There’s an interesting detail buried in those OLC memos released yesterday, that perhaps hasn’t gotten the attention it deserves.
In the January 15, 2009 memo written by then-acting OLC head Steven Bradbury — in which he repudiated many of the previous OLC memos that articulated an expansive view of presidential power in the war on terror — there’s a footnote stressing that the memo is not “intended to suggest in any way that the attorneys involved in the preparation of the opinions in question did not satisfy all applicable standards of professional responsibility.”
Why would Bradbury have gone out of his way to make this point — especially in the context of repudiating those opinions?
Perhaps because the Justice Department’s Office of Professional Responsibility has been working on a report on whether OLC lawyers violated standards of professional responsibility when they approved harsh interrogation tactics like water-boarding. And, as Newsweek revealed last month, a draft of the report is sharply critical of three senior OLC lawyers in particular — John Yoo, Jay Bybee, and Steven Bradbury.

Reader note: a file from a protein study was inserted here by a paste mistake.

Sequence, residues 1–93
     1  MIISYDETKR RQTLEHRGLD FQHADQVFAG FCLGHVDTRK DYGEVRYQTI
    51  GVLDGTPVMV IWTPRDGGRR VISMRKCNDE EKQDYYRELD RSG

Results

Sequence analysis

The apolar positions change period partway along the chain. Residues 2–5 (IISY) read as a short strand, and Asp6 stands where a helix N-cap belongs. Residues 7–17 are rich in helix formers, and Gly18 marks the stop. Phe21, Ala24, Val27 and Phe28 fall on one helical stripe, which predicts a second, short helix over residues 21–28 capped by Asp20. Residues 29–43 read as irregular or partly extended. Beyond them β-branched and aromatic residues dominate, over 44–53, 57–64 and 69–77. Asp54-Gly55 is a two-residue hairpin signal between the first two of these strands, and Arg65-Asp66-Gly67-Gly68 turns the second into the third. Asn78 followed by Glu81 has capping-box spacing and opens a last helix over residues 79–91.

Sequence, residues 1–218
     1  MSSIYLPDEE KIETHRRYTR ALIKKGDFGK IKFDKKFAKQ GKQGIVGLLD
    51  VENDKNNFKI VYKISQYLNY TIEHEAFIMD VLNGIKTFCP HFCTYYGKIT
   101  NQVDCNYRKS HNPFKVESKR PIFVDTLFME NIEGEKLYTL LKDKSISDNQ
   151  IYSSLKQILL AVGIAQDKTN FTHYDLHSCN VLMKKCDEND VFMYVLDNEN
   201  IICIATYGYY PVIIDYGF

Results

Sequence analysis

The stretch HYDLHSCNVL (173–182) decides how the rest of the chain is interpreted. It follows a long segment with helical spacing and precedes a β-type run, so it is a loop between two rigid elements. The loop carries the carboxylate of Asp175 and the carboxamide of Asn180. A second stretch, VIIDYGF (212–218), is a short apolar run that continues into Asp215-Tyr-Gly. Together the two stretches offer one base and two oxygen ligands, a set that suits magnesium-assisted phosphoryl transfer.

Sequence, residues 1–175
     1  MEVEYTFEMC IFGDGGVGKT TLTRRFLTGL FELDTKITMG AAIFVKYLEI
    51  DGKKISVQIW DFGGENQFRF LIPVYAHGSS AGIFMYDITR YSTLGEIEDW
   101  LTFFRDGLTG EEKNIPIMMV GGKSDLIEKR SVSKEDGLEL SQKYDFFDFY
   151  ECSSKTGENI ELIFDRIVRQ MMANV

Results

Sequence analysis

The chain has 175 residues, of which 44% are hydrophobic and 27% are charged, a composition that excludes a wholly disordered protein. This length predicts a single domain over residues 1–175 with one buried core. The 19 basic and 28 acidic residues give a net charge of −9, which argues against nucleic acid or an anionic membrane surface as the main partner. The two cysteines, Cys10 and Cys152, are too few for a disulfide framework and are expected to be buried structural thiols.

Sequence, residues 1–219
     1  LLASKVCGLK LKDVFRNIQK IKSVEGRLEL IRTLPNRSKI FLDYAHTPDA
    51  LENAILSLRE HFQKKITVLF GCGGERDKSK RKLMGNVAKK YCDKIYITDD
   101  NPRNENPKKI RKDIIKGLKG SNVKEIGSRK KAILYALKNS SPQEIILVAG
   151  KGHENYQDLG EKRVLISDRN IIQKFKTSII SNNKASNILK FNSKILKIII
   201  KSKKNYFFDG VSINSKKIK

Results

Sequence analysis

The report’s release was delayed after then-Attorney General Michael Mukasey and his deputy Mark Filip objected that responses from Yoo, Bybee, and Bradbury should be included. As of February 6, Attorney General Eric Holder had not yet reviewed the report, and it had not yet been turned over to Congress.
So the fact that the earlier memos have been repudiated could potentially still affect the OPR report’s conclusions about the lawyers’ actions. As a result, Bradbury would have had good reason to explicitly state in his recent OLC memo that the repudiation of the original opinions did not bear on issues of professional responsibility.
It’ll be interesting to see, when the OPR report is released, whether its authors agree with that take.
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